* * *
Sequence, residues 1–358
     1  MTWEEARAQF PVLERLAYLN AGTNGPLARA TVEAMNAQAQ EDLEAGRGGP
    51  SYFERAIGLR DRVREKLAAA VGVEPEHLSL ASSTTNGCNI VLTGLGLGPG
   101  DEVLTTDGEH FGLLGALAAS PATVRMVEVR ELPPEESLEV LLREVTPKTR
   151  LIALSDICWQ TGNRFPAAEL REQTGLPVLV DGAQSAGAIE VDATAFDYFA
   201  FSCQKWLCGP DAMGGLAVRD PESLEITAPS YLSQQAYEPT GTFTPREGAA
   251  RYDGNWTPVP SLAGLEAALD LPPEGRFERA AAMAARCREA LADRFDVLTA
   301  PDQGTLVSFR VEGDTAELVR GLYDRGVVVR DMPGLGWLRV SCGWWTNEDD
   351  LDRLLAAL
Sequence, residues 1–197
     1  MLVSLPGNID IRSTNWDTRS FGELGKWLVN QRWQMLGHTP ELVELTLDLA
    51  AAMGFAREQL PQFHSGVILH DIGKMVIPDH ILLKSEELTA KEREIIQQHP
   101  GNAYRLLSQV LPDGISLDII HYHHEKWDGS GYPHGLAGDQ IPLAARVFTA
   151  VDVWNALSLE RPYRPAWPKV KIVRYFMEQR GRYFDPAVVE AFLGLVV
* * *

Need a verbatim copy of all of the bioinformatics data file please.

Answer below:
Sequence, residues 1–358
     1  MTWEEARAQF PVLERLAYLN AGTNGPLARA TVEAMNAQAQ EDLEAGRGGP
    51  SYFERAIGLR DRVREKLAAA VGVEPEHLSL ASSTTNGCNI VLTGLGLGPG
   101  DEVLTTDGEH FGLLGALAAS PATVRMVEVR ELPPEESLEV LLREVTPKTR
   151  LIALSDICWQ TGNRFPAAEL REQTGLPVLV DGAQSAGAIE VDATAFDYFA
   201  FSCQKWLCGP DAMGGLAVRD PESLEITAPS YLSQQAYEPT GTFTPREGAA
   251  RYDGNWTPVP SLAGLEAALD LPPEGRFERA AAMAARCREA LADRFDVLTA
   301  PDQGTLVSFR VEGDTAELVR GLYDRGVVVR DMPGLGWLRV SCGWWTNEDD
   351  LDRLLAAL
Sequence, residues 1–197
     1  MLVSLPGNID IRSTNWDTRS FGELGKWLVN QRWQMLGHTP ELVELTLDLA
    51  AAMGFAREQL PQFHSGVILH DIGKMVIPDH ILLKSEELTA KEREIIQQHP
   101  GNAYRLLSQV LPDGISLDII HYHHEKWDGS GYPHGLAGDQ IPLAARVFTA
   151  VDVWNALSLE RPYRPAWPKV KIVRYFMEQR GRYFDPAVVE AFLGLVV